In the BBC TV series New Tricks, an episode called Big Topped featured an apparently impossible crime involving incineration inside a locked circus caravan; spontaneous human combustion is suggested as an explanation, although this is later rejected. At one point one of the characters replicates the QED experiment referred to above.

In the NCIS episode "Heart Break" (season 2), a Navy Commander appears to spontaneously combust in hospital. It is later found to be faked by the Commander's surgeon to cover up her mistake during surgery that caused the commander's death.

In Marvel Comics, the Golden Age Human Torch, his sidekick Toro, and the Fantastic Four's own Human Torch Johnny Storm have the ability to spontaneously combust at will.

[edit] Quotations

There's one mystery I'm asked about more than any other: spontaneous human combustion. Some cases seem to defy explanation, and leave me with a creepy and very unscientific feeling. If there's anything more to SHC, I simply don't want to know.

Arthur C. Clarke (1994)

The opinion that a man can burn of himself is not founded on a knowledge of the circumstances of the death, but on the reverse of knowledge - on complete ignorance of all the causes or conditions which preceded the accident and caused it.

Justus von Liebig (1855)

[edit] See also

[edit] References

  1. ^ http://www.amazon.com/Ablaze-Mysterious-Fires-Spontaneous-Combustion/dp/0871317893/ref=sr_1_1/189-4652249-1692619?ie=UTF8&s=books&qid=1237172767&sr=1-1 "Ablaze!: The Mysterious Fires of Spontaneous Human Combustion" by Larry E. Arnold
  2. ^ http://skepdic.com/shc.html Skeptic's Dictionary on spontaneous human combustion, Retrieved Oct 20, 2007 "The physical possibilities of spontaneous human combustion are."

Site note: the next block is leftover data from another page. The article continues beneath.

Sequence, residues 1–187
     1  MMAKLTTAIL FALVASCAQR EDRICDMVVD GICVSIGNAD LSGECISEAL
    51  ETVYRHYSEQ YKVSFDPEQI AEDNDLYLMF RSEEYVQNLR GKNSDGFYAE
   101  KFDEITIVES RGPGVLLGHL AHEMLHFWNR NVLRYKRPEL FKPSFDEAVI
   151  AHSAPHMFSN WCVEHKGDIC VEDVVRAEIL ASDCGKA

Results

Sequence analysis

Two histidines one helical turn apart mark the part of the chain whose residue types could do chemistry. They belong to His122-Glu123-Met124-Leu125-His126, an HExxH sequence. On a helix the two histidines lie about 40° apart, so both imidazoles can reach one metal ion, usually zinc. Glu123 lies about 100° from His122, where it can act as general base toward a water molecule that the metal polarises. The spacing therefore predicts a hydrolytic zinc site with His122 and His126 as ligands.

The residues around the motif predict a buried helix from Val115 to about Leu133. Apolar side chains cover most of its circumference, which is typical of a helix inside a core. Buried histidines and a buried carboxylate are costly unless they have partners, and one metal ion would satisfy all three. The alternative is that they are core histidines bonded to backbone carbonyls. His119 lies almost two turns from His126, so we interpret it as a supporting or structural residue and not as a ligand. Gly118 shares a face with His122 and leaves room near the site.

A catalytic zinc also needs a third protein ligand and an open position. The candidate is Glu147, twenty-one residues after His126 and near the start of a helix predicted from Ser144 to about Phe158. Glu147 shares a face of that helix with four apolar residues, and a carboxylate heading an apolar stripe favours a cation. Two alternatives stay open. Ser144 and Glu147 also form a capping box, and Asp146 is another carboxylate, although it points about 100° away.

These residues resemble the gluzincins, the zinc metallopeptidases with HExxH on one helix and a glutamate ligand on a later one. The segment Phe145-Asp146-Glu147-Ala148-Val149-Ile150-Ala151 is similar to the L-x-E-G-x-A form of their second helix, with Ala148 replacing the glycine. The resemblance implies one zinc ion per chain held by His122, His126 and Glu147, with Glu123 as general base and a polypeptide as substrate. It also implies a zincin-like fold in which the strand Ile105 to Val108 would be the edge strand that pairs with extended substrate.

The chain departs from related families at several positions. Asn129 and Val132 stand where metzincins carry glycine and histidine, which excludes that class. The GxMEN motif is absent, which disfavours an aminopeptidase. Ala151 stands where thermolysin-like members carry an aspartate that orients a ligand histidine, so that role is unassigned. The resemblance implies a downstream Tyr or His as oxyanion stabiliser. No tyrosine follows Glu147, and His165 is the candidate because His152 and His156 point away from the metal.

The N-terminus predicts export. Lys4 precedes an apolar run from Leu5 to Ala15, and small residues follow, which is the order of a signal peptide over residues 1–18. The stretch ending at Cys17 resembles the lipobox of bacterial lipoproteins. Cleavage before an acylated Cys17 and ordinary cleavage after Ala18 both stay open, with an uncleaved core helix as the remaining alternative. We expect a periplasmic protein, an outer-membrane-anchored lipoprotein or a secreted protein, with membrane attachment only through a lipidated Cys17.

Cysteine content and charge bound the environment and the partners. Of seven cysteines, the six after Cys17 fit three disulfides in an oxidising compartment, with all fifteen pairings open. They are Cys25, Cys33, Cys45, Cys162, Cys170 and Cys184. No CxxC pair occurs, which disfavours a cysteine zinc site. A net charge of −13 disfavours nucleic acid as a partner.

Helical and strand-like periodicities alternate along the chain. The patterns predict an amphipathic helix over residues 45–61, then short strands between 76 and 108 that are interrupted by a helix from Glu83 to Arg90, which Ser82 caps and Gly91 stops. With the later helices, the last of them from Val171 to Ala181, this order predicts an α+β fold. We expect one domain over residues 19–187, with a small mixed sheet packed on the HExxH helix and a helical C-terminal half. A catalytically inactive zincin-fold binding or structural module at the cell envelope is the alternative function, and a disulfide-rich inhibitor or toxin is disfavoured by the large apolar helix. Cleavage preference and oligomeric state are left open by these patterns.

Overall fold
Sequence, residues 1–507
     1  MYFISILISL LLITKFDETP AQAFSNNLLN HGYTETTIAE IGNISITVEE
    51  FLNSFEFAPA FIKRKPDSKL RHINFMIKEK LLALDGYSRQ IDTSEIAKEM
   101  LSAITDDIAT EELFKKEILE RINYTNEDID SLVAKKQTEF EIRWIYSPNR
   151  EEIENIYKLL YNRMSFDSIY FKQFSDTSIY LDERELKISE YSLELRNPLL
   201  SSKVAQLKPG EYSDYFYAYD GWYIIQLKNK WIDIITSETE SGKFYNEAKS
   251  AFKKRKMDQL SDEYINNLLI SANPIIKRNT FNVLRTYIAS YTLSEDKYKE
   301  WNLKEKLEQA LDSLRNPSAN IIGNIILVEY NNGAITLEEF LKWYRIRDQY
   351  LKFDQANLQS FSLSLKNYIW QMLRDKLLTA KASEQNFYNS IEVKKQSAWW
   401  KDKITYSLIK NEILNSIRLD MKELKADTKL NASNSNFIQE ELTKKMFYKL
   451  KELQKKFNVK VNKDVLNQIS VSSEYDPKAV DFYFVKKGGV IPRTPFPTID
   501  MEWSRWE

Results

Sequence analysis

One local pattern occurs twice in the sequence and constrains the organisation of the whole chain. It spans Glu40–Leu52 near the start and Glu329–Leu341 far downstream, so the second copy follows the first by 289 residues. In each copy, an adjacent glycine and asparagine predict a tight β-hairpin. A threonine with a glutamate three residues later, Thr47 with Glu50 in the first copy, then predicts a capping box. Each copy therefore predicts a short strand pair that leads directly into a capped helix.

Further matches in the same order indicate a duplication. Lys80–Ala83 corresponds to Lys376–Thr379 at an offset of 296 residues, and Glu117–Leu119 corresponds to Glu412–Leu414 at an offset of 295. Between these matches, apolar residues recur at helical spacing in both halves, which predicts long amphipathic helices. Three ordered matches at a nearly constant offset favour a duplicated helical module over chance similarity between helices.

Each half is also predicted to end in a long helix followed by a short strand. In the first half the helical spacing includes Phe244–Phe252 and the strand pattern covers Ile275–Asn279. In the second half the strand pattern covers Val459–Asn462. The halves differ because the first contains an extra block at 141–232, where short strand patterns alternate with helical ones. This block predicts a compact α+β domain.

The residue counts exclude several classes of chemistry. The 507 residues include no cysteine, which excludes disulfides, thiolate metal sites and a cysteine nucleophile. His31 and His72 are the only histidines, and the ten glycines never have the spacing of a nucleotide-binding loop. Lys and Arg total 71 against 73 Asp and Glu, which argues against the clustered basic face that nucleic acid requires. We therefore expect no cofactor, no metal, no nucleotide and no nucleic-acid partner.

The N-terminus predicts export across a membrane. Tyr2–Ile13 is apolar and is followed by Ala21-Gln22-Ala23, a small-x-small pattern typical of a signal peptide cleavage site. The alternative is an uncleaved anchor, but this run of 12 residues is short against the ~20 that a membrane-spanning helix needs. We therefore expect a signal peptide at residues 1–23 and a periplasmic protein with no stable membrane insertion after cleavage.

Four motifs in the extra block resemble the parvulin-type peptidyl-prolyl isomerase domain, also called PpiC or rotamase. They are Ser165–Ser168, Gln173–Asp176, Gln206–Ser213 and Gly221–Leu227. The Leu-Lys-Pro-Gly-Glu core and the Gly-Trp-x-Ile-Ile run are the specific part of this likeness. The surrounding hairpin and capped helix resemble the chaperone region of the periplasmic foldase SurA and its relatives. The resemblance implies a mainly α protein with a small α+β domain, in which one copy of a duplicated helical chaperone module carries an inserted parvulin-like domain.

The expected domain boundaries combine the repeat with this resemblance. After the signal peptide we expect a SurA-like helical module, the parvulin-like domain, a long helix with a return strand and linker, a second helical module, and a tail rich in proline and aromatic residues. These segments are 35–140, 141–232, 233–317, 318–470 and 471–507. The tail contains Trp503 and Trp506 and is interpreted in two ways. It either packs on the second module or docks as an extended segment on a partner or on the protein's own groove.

3. ^ Robert S. Gable (2004). "Comparison of acute lethal toxicity of commonly abused psychoactive substances" (reprint). Addiction 99 (6): 686–696. doi:10.1111/j.1360-0443.2004.00744.x. http://web.cgu.edu/faculty/gabler/toxicity%20Addiction%20offprint.pdf. 
  4. ^ Fiery tales that spontaneously destruct - reports on spontaneous human combustion - includes an investigative chronology based on a published photograph | Skeptical Inquirer | Find Articles at BNET.com
  5. ^ Simmons, Ian (1996). in All Fired up With Spontaneity. In Fortean Times, p. 57, issue number 90 (September 1996).
  6. ^ http://en.wikipedia.org/wiki/Brown%27s_Gas Brown's Gas aka OxyHydrogen
  7. ^ http://www.amazon.com/Ablaze-Mysterious-Fires-Spontaneous-Combustion/dp/0871317893/ref=sr_1_1/189-4652249-1692619?ie=UTF8&s=books&qid=1237172767&sr=1-1 "Ablaze!: The Mysterious Fires of Spontaneous Human Combustion" by Larry E. Arnold June 2006
  8. ^ http://www.amazon.com/Ablaze-Mysterious-Fires-Spontaneous-Combustion/dp/0871317893/ref=sr_1_1/189-4652249-1692619?ie=UTF8&s=books&qid=1237172767&sr=1-1 "Ablaze!: The Mysterious Fires of Spontaneous Human Combustion" by Larry E. Arnold June 2006
  9. ^ Heymer, John E (1996): The Entrancing Flame, pp. 202–3, London, Little, Brown, ISBN 0-316-87694-1
  10. ^ a b Heymer, op cit, pp. 204.
  11. ^ Lee B Croft. "People in Threes Going Up In Smoke and Other Triplicities in Russian Literature and Culture" The Rocky Mountain Review of Language and Literature, Vol. 59, No. 2 (2005), pp. l 29–49

[edit] External links

Personal tools